Yes, Colorado, the Excessive Fines Clause Protects Small Businesses against Your Regulatory Death Penalty

Ilya ShapiroMrs. Soon Pak manages Dami Hospitality, LLC, a company that runs hotels and motels in Colorado. Pak is a Korean immigrant with minimal proficiency in English. She relies on third-party professionals to assist her in maintaining compliance with the myriad regulations that even native English speakers struggle to understand. Between 2006 and 2014, Dami ’s insurance agent failed to renew the company’s worker’s compensation insurance, despite assuring Pak that Dami maintained full coverage.In 2014, the state division of workers' compensation gave notice that Dami ’s policy had lapsed, and Pak immediately secured coverage without any employee suffering any harm. A few weeks later, the division imposed a fine of $841,200, calculated at a $25-500 daily rate that the division had allowed to accumulate for eight years before finally giving notice to the company . Put simply, the state assessed nearly a million-dollar fine against a small corporation—which grosses less than a quarter of the total fine—for a violation that was solved immediately after notice was received, with no actual harm done to anyone.However one defines "excessive," this fine is excessive compared to Dami ’s violation. To frame it in the worker’s comp context, if an employee is killed on a job, his dependent receives $250,000. That means the Colorado Labor Department considers the results of Dami’s lazy insurance agent to be worse than thr...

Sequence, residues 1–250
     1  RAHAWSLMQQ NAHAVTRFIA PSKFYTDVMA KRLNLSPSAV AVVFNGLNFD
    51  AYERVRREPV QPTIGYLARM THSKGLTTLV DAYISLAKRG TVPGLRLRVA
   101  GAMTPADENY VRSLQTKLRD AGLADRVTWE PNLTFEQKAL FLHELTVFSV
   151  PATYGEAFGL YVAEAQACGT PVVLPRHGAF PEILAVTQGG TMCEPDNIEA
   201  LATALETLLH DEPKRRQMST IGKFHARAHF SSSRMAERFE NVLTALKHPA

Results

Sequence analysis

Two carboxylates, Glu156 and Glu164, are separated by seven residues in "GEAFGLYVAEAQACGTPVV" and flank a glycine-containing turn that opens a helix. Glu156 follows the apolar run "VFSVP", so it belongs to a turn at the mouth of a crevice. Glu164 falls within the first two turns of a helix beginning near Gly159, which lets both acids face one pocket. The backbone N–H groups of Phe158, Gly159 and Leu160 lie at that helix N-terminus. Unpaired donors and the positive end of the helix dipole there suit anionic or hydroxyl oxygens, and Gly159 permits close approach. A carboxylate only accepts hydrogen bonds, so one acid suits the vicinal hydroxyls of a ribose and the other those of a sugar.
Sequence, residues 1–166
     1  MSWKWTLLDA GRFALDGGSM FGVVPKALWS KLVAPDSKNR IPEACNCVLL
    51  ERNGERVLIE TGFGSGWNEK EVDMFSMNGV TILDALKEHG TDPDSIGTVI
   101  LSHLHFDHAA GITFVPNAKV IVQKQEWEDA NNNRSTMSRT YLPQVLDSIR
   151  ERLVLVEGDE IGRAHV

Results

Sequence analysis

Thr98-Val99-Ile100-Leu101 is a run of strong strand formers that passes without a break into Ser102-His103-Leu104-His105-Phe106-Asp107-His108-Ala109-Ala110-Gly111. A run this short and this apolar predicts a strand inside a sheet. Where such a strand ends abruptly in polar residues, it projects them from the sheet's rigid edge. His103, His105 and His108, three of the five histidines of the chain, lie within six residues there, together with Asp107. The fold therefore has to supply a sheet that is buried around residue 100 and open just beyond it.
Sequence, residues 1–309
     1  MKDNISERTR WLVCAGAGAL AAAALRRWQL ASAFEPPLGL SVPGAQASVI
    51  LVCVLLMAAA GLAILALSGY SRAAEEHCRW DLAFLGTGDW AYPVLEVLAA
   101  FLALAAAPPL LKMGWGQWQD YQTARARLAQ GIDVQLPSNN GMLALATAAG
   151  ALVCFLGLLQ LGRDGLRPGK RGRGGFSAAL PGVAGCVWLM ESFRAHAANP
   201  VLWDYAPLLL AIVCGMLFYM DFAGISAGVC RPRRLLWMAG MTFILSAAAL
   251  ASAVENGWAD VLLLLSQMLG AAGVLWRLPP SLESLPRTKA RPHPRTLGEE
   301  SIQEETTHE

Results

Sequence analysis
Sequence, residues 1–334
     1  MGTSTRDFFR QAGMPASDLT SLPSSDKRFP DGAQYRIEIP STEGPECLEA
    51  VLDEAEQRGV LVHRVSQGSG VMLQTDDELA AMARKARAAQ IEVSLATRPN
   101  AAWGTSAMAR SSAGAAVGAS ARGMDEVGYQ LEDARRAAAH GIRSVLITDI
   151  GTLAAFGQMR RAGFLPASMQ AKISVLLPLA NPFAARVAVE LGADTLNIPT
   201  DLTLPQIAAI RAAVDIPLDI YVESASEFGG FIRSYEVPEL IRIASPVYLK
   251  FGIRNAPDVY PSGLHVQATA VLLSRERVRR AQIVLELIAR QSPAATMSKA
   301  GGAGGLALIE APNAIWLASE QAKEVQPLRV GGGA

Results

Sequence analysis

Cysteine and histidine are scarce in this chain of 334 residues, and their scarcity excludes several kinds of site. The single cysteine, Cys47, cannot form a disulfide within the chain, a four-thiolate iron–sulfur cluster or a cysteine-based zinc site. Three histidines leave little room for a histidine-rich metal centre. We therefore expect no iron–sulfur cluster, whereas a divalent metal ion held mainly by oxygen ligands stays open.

Source: Cato-at-liberty - Category: American Health Authors: Source Type: blogs

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